Jan 29

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Backtracking Birds

Why shorelines are stopover sites:

Image from the KGRR radar on 5/16/10 at sunrise showing the relative density of migrating birds aloft. Bird density over land is low as birds have largely ended their migratory flight before dawn. But birds over water are still aloft and flying towards the nearest shoreline. (via Buler)


Each spring and fall, tens of millions of birds migrate through the Great Lakes region.

Jeffrey Buler of the University of Delaware says many species prefer to travel at night. In a recent study, he found that if birds were still out over the Great Lakes at sunrise, they would fly higher…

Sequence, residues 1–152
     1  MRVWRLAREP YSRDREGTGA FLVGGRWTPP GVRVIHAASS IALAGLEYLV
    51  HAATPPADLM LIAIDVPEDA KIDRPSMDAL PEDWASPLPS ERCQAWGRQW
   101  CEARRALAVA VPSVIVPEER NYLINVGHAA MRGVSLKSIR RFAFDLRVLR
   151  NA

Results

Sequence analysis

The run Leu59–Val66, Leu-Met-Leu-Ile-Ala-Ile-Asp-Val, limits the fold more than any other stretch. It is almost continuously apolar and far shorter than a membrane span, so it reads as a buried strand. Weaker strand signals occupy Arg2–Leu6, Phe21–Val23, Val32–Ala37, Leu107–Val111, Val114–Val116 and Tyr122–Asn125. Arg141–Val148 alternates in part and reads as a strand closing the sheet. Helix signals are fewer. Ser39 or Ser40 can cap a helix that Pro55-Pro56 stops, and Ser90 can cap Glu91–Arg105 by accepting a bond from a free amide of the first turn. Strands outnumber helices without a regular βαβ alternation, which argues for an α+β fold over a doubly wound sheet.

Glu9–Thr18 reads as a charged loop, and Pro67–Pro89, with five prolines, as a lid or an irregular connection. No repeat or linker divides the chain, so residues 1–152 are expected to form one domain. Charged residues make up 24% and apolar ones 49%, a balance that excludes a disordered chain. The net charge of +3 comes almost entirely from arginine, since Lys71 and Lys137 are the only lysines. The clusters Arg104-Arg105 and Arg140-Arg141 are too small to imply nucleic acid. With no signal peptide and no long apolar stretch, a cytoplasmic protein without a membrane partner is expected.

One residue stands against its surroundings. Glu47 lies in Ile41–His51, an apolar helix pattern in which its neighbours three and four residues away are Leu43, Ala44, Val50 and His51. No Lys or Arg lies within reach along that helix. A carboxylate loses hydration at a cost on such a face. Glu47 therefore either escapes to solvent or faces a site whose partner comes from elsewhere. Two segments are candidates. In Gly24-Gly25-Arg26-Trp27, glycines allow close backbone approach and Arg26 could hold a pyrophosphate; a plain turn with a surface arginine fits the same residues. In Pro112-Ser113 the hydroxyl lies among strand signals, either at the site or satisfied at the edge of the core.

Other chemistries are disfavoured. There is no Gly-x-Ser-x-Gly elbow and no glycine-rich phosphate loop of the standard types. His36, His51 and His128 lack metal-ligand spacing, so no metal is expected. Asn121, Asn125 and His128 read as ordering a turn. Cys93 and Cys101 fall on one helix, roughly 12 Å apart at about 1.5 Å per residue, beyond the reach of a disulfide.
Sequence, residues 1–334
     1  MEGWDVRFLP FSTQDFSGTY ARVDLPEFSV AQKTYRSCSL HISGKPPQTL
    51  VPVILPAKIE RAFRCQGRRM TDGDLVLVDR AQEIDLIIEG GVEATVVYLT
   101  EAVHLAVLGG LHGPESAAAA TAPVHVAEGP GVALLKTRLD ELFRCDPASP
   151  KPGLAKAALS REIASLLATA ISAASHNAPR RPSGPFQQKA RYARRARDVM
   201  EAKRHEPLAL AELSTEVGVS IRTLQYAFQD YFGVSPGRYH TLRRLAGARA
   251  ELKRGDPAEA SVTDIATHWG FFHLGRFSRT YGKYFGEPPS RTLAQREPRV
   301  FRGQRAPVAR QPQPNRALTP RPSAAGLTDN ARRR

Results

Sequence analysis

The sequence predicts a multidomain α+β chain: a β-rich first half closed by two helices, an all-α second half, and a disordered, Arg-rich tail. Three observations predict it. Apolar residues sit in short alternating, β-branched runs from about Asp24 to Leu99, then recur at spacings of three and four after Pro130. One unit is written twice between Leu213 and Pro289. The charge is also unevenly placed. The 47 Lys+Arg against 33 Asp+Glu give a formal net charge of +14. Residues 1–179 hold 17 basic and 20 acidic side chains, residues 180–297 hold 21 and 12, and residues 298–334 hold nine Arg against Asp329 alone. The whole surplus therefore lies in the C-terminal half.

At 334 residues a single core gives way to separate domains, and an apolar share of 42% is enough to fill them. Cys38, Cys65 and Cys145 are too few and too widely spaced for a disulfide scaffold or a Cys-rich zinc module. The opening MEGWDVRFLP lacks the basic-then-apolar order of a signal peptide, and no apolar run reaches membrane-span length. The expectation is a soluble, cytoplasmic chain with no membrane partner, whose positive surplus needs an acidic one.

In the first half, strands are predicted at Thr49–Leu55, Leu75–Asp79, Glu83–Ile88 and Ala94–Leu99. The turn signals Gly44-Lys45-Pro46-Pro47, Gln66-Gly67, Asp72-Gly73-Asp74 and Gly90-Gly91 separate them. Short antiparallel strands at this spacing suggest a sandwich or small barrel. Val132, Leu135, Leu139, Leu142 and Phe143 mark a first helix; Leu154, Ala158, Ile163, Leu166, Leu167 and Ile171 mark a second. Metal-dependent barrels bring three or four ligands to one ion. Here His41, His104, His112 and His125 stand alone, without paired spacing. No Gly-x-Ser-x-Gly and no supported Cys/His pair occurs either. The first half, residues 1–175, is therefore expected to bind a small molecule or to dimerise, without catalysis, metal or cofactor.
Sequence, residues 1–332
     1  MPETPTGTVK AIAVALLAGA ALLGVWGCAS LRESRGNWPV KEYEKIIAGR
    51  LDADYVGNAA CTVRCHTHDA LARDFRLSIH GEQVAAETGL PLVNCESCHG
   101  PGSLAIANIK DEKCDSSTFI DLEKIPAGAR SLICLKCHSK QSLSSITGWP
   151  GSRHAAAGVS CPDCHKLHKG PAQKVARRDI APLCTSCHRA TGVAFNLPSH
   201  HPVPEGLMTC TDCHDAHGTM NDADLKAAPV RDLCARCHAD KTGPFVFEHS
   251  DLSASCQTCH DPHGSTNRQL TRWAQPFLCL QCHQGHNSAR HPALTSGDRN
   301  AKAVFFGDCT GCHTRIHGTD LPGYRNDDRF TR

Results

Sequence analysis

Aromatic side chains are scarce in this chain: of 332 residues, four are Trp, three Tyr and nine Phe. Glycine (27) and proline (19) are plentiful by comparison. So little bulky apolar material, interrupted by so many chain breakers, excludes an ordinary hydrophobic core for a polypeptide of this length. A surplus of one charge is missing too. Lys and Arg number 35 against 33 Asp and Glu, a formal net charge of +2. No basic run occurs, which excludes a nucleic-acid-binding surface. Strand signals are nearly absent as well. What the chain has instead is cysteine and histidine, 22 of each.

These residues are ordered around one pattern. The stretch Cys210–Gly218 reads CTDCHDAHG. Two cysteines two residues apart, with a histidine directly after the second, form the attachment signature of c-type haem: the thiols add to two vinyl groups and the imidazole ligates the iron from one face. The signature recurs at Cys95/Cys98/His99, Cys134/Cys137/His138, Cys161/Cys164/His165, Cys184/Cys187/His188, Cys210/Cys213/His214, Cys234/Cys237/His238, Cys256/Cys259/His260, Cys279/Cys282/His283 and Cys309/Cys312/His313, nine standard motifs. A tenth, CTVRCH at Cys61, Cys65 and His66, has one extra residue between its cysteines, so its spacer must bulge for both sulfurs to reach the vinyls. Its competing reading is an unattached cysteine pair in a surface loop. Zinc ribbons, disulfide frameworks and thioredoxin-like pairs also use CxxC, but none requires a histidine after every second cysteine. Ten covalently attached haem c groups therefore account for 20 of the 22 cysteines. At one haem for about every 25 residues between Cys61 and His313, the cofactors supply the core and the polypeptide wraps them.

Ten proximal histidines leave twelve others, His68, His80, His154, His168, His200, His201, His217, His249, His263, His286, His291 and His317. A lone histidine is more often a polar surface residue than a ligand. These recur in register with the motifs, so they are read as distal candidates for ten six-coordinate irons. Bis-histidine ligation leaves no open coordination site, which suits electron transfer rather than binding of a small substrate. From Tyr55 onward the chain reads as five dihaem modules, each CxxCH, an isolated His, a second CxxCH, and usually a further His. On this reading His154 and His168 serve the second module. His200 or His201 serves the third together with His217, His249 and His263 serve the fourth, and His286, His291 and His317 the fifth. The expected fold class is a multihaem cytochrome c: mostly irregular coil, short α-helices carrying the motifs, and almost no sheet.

Buler: “…to get perspective and to see how much further they had to go to get across this water body… to decide whether they were going to continue flying or turn back to the nearest shoreline.”

In spring, many birds turned back and piled up along southern shorelines. Buler expects the situation is reversed in fall. He hopes the study helps guide habitat conservation efforts.

Hear More:

Listen to Jeffrey Buler describe how his lab monitors birds at night:

Get Schooled:

 The Fine Print:



Permanent link to this article: http://www.currentcast.org/creature-features/backtracking-birds/